Jan 18, 2008

Investing and saving – slowly but surely

Today I invested another $250 into our mutual fund. It took nearly a month since the first $250 investment that we made. It earned almost $2 since then. Not bad considering the market these days.

I still do not fully understand why things are the way they are at the moment. In the news this evening they were reporting about the decline of markets everywhere since the beginning of the year. USA might go on recession? Really? What is going on?!

I have already been considering investing in other types of mutual funds Raboplus offers but only after we have invested at least $1000 in our cash advantage fund. Patience, patience, patience!

Officially my maternity leave does not start until the last week of this month but I already did yesterday. The rest of the days leading to my official maternity leave are filed as sick days, so that means I’ll still get paid for those days.

During my maternity leave, saving and investing will slow down to a rate most unwelcome. Expenses will, well, increase having my folks over and the addition of the new little member. By how much they will increase I still don’t know. I think I’ve already given myself enough time to stress over that that I’m fine about that now. The spreadsheet has helped to give me ideas on how to spread the resources and plan ahead. So far this is what I came up with.

Baby Fund
It will still get its $50/fortnight contribution.

Emergency Fund
It looks like the most sensible thing to do here is to decrease our fortnight contribution by 60%. Ouch.

Debt Reduction
Now that CC1 is paid off, tackling CC2 and CC3 are next in line but they will be paid slowly. Hopefully there will be no need to use any of our credit cards during my 15-week work hiatus.

Overall, stashing money in savings will drop to around 7% from the usual 14% a fortnight.

KiwiSaver (Retirement)
Should J’s KiwiSaver start during my leave that would only mean that his take home pay would be deducted by at least $100 a fortnight. That’s fine! That’s still money invested and that’s always a good thing.


  1. Hey there Tasha
    What is going on with the USA and all the talk about recession?
    The basics are that American mortgage companies were selling mortgages to people they are now calling "ninja's" (No Income No Job or Assets). And then the mortgage companies packaged these same mortgages and sold them off as investments to buyers worldwide. What happened? Well the people defaulted on their mortgage payments and this meant the investment packages became worthless. So a lot of banks and other financial institutions are now writing off billions of dollars worth of losses.
    What is going to happen next - now that is the big question.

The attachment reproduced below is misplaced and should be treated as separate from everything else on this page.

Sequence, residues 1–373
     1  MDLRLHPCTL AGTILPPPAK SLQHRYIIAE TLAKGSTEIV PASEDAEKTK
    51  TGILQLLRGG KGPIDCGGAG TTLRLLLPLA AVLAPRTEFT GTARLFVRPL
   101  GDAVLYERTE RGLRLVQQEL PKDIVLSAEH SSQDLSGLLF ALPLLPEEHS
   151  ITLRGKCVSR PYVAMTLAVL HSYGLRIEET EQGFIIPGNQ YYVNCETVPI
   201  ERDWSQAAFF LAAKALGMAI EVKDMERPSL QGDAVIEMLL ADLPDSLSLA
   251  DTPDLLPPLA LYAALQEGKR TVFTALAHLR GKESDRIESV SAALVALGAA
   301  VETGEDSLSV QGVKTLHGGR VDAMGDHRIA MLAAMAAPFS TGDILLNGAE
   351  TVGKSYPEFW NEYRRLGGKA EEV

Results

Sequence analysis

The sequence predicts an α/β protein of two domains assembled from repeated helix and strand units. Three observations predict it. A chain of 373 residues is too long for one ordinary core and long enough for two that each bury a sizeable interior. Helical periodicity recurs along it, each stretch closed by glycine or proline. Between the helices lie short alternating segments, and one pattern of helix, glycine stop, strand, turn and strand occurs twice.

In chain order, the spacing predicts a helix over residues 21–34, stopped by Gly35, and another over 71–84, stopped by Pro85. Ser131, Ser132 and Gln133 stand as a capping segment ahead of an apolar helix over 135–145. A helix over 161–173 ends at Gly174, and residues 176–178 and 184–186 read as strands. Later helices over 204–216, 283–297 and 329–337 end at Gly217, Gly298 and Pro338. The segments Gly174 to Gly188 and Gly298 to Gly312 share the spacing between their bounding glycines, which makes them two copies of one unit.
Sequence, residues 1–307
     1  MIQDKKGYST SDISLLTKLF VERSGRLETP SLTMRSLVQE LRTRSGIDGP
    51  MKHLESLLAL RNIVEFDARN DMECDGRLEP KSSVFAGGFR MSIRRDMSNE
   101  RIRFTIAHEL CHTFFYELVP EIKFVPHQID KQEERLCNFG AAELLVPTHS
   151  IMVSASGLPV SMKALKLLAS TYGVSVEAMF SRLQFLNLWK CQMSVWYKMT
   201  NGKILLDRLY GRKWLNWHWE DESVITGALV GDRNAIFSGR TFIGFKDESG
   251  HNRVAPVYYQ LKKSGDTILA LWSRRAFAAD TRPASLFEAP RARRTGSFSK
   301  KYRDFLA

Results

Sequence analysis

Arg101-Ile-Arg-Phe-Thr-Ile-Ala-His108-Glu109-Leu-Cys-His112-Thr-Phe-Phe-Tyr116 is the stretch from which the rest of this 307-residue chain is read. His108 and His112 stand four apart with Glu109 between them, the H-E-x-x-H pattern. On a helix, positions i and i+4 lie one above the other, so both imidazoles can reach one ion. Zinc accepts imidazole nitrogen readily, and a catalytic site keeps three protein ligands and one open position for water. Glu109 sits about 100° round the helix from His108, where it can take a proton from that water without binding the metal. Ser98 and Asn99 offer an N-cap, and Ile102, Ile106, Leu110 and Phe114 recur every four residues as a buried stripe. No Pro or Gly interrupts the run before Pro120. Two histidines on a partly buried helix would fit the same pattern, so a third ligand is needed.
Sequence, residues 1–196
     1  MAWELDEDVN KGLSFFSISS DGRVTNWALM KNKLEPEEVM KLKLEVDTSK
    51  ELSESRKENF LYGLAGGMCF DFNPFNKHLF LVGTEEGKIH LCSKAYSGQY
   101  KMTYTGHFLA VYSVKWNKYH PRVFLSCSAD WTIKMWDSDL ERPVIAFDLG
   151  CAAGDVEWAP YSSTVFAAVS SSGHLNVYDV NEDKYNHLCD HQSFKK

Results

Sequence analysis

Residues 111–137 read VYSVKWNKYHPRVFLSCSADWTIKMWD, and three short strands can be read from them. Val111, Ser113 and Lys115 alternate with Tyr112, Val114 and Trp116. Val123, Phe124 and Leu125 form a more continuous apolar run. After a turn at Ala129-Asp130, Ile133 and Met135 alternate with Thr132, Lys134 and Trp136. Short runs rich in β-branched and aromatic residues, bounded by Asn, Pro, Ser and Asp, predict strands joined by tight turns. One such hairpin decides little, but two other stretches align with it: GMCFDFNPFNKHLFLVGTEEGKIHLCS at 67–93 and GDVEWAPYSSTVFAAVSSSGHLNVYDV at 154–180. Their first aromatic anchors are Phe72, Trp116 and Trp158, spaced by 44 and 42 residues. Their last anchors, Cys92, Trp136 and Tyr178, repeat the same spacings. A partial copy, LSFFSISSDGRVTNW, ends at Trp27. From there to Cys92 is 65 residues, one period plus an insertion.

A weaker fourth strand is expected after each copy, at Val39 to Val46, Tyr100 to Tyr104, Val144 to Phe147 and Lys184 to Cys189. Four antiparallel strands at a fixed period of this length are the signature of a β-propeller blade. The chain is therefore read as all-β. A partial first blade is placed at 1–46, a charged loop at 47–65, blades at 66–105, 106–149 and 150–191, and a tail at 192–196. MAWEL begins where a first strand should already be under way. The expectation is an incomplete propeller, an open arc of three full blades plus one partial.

All the best for the new arrival!!

  2. Hi lisaclark,

    Thanks for giving me an explanation my simple brain can process. I suppose my next question is - is packaging the same mortgages a common practice?

  3. Hi Tasha
    Here's an interesting take on the subprime crisis applied in a NZ context. I read about that couple in the Herald the other day and wondered how they could afford such a mortgage. They would've been better off renting at the moment and just hold on a bit longer to save up for a deposit as house prices are definitely cooling.

    On another note I lost $400 on one managed fund from the volatility of the US markets mirrored by other markets worldwide but that's okay. It looks scary over a one-month period but looking at the 5-year chart, it's still growing. This is probably the best time to pick up some bargains for long-term investments. So I'll be pumping more money into my index-funds.

  4. Hi dnp9529,

    Thanks for the link. I found that very helpful and it led me to more and more informative links.

    I can't believe that couple! They just have GUTS if anything! J just mentioned to me the other day about house prices are going down. I'm excited for that and glad we waited!

    I know what you mean about buying when it's low, which is now! :) Sorry about the $400 loss but it's gonna be alright, it always works out.

  5. Well Tasha,
    Mortgages packaged into financial bundles and sold off to investment funds and other such investment companies all around the world, was a very lucrative business. But only as long as the mortgages are being paid.
    Here in the UK 110% mortgages are being sold, even 125% mortgages if you can believe it. But since the end of last year, mortgage providers have been turning down more applications than they have been accepting. This is probably the same in New Zealand and in most of the western world.
    I want to buy but first need to clear my debts and save for a deposit. I am hoping house prices will fall and fall big time! (Is that wrong??).

  6. Hi lisaclark,

    It's not wrong to hope for house prices to go down! We all hope for the same thing! :)

    Thanks for your explanation. I think I understand now after reading an article about the Kiwisaver (retirement scheme here in NZ) investors in Growth Funds who are getting negatives right now. The Growth Funds are the highest risk in the selection and invest a good chunk internationally.

    It's forecasted that house prices will cool down in NZ this year. In fact it was reported that it has started to! Hopefully by the time we pay off all of our debts we have saved enough deposit for our own abode! :)

    Best of luck!